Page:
Feminism and Paul Henry

caitlinmoran

We are beginning our column writing task next week and I am going to start off by looking at the writing of Caitlin Moran who wrote ‘How to be a woman’. Follow this link to her views on being a feminist. One of the things we will discuss next week is using topical examples and issues for inspiration. Paul Henry has provided us with one today.

Henry caused controversy on his tv/radio show by expressing his view that Hillary Clinton shouldn’t be campaigning on ‘the first woman president’ card. The NZ Herald reported that Henry said: “Why, if feminism has come so far, does she feel the need to highlight the fact that she’s a woman? Shouldn’t she be selling herself on the fact that she’s the best person, the right person, for the job, no matter what her sex?” Henry went on to say that other high profile females had “fallen into the same trap” – including Helen Clark’s bid to become the Secretary General of the United Nations. Henry continued with, “Don’t these women realise feminism has come further than they have?”

The Human Rights Commission countered Paul Henry’s view by declaring his attitude towards feminism as “wrong”. The Equal Employment Opportunities Commissioner Jackie Blue took aim at Henry’s comments and wrote this letter:

Dear Paul,

You are wrong. Feminism hasn’t come further than Hillary Clinton and Helen Clark, feminism will only ever go as far as they and other women go.

On your show today you argued that feminism has come further than Clinton and Clark, two women who are campaigning respectively for roles as the United States President and Secretary General of the United Nations. Clinton has voiced her ambition to become the first woman US President and you saw this as an outdated thing to say. It isn’t.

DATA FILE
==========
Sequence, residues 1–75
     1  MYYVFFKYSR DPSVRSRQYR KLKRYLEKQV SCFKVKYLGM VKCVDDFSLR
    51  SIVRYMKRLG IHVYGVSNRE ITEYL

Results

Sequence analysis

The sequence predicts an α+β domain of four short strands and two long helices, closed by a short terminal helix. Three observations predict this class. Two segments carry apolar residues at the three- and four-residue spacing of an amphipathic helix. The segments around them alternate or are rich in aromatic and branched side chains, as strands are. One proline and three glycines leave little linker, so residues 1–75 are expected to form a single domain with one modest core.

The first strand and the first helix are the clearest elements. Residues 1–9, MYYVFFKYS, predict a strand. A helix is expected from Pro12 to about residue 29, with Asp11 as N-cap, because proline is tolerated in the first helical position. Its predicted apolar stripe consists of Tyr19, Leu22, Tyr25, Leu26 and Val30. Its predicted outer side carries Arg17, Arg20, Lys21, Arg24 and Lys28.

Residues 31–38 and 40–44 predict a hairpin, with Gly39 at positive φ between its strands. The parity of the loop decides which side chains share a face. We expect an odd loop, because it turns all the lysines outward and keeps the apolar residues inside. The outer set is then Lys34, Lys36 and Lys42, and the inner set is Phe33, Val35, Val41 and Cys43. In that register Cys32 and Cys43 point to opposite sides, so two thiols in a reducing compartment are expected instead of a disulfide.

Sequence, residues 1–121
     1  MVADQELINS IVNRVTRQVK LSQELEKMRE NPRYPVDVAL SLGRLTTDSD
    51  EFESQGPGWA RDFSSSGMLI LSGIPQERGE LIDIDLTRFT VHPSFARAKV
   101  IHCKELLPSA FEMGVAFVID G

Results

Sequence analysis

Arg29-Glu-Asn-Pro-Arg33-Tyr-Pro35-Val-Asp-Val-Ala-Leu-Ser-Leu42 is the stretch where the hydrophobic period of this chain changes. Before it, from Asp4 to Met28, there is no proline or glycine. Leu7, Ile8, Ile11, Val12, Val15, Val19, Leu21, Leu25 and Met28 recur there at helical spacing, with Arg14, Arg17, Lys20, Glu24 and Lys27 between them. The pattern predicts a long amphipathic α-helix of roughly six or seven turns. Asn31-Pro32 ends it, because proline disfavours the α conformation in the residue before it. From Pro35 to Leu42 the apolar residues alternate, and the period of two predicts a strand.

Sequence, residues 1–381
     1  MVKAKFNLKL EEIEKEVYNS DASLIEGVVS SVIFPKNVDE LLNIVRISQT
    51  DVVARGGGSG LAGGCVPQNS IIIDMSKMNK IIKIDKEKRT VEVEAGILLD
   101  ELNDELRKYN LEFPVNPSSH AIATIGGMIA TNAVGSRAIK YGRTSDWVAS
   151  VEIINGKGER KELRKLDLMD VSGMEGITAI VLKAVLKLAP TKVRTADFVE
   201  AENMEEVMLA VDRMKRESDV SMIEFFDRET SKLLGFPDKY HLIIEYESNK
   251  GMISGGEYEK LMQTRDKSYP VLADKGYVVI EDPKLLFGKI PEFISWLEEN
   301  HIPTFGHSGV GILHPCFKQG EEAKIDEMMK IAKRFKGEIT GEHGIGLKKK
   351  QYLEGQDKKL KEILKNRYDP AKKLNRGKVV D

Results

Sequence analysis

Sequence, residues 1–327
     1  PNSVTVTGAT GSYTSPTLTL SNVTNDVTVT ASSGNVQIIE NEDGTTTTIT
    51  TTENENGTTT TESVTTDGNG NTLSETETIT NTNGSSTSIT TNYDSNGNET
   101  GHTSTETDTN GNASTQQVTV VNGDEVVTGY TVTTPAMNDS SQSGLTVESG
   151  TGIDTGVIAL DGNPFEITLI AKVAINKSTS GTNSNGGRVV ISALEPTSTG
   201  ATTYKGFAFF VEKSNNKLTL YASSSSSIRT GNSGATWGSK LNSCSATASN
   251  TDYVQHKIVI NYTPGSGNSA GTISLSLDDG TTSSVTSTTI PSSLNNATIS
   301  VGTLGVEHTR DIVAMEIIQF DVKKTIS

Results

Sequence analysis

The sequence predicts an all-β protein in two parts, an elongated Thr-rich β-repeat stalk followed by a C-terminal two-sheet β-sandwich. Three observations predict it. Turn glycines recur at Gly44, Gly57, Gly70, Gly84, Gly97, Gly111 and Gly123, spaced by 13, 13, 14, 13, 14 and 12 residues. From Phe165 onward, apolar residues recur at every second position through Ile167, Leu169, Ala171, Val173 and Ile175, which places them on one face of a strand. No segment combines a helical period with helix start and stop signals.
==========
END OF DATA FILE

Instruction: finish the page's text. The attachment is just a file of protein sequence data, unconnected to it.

Feminism is a belief that gender should not limit anyone’s chances at life and quite frankly people are deluded if they believe women currently get the same opportunities as men to make it in business, politics and the like.

If we have come as far as you say we have why has female representation in our Parliament been stuck at around 30% since the first MMP election in 1996? Why did it even go backwards at the 2014 election? Why is the percentage of female directors on the NZX listed companies a paltry 14%? Why is it that there is a persistent mean pay gender gap in the labour market of around 14 %?

Only yesterday lawyer and international public servant Vicky Robertson was announced as the Ministry for the Environment’s new chief executive, however the headline just described her as a “Former Hockey Player”. I can’t help but wonder if this headline would have been the same if she were a man.

There is a lot of work to be done.

Yours faithfully,

Dr Jackie Blue

EEO Commissioner

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